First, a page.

LAWRENCE — When the Tony Awards are handed out June 12, theatre-lovers and anyone in touch with pop culture will be waiting to see whether the 16 nominations for “Hamilton” pay out. The hip-hop musical caught fire after opening last summer.
“I think it’s a surprise to everyone else, but not to people who have been going to these types of hip-hop inspired shows,” said Nicole Hodges Persley, associate professor of theatre at the University of Kansas.
Hodges Persley’s forthcoming book on hip-hop theatre includes a chapter on the work of creator Lin-Manuel Miranda’s previous Broadway hit “In The Heights” and his Pulitzer Prize winning musical “Hamilton.” As a scholar, artist and practitioner, she is available to speak about hip-hop theatre and the hip-hop arts movement in the wake of the splash “Hamilton” has made in pop culture.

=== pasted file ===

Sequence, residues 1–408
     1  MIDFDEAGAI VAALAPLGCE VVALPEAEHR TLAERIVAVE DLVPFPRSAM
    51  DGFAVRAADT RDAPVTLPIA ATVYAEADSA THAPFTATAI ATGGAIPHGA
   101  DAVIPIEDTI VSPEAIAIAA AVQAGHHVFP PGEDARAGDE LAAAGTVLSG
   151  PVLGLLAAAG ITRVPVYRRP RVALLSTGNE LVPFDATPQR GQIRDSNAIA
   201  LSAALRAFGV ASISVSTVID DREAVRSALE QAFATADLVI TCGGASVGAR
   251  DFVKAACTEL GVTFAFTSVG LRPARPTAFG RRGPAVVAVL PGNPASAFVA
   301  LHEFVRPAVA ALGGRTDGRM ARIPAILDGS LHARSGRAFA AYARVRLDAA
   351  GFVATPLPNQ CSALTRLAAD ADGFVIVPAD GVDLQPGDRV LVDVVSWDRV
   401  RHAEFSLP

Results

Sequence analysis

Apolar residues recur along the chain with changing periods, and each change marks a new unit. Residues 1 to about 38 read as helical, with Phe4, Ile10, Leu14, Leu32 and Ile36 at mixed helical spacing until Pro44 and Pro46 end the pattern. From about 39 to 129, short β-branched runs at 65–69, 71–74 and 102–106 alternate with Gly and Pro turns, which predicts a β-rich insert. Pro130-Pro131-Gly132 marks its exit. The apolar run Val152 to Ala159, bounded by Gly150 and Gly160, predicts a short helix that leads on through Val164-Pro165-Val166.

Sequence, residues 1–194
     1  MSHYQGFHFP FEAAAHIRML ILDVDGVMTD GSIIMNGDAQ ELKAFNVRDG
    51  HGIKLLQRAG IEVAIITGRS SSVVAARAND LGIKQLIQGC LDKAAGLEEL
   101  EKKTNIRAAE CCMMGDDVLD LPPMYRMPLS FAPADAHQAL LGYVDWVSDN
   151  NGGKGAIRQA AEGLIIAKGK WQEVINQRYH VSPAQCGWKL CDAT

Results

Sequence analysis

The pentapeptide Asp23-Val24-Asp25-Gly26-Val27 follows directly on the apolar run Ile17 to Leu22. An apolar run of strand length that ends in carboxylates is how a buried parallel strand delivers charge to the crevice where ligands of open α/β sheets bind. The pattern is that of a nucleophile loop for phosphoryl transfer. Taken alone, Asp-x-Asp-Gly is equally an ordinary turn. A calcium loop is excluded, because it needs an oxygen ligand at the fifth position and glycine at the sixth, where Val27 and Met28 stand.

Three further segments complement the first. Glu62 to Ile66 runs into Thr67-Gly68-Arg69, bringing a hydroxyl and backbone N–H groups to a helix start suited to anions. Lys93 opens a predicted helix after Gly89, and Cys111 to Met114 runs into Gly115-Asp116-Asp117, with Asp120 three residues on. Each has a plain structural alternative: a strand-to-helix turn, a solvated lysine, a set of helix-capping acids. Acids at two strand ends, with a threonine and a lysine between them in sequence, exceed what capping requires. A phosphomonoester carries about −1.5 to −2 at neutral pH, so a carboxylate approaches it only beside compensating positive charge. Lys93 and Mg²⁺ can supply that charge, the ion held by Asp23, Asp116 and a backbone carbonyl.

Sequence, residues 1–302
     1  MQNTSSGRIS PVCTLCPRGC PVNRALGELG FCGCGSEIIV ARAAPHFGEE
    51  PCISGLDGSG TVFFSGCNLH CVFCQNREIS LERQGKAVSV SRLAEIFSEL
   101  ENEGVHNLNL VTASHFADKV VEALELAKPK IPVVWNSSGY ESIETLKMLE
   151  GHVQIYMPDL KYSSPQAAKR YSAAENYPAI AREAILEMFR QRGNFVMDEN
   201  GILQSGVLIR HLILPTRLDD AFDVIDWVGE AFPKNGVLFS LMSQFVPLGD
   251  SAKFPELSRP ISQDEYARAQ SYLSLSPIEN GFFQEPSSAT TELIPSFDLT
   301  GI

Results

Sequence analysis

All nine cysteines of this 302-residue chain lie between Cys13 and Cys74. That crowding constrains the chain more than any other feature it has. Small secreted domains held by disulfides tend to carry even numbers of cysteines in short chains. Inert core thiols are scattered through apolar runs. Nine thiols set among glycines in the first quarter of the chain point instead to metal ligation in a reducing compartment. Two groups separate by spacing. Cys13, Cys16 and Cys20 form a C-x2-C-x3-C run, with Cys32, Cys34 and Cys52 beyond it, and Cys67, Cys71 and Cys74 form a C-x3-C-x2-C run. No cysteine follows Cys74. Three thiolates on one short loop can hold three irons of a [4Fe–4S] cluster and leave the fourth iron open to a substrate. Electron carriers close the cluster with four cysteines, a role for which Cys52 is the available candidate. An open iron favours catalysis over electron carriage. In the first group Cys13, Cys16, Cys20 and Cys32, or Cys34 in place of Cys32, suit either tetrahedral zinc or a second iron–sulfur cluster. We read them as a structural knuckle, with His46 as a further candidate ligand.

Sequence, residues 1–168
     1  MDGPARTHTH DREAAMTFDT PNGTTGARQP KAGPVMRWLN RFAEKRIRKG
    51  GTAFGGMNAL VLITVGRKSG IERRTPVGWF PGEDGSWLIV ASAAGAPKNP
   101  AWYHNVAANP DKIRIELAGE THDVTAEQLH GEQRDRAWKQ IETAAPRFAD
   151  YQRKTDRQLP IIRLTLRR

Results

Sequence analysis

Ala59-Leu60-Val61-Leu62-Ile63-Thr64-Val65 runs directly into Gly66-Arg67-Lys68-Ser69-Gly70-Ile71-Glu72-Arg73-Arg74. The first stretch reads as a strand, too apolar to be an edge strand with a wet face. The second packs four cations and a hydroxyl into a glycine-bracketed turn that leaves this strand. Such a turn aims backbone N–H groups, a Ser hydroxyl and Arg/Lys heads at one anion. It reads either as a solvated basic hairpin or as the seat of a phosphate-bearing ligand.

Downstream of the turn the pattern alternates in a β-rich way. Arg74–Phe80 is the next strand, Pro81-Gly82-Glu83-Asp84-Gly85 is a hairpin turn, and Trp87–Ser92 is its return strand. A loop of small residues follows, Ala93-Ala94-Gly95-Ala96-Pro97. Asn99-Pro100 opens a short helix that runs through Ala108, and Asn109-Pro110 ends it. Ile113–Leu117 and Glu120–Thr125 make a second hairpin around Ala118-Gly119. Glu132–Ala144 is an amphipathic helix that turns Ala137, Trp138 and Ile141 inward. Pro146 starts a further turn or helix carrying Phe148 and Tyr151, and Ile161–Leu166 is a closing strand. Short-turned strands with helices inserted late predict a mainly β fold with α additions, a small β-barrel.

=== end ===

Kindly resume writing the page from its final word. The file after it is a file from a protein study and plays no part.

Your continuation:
Hip-hop theatre has opened up new opportunities to think about race, gender and class, she said.
“Mainstream theatre audiences are still digesting what it means to see a son of Latino immigrants come of age as a major player on Broadway. Miranda is rethinking and rewriting American history in a powerful way that is resonating across racial, class and gender lines,” Hodges Persley said of Miranda.
It may be too soon to know what it means for “Hamilton” to have such acclaim and popularity, Hodges Persley said, but it is “cutting-edge theatre.”
“It’s changing the ways we think about theatre and what will inspire new audiences, and it’s encouraging audiences to rethink the type of experience they want in theatre,” she said.
To arrange an interview with Hodges Persley, email Erinn Barcomb-Peterson at firstname.lastname@example.org.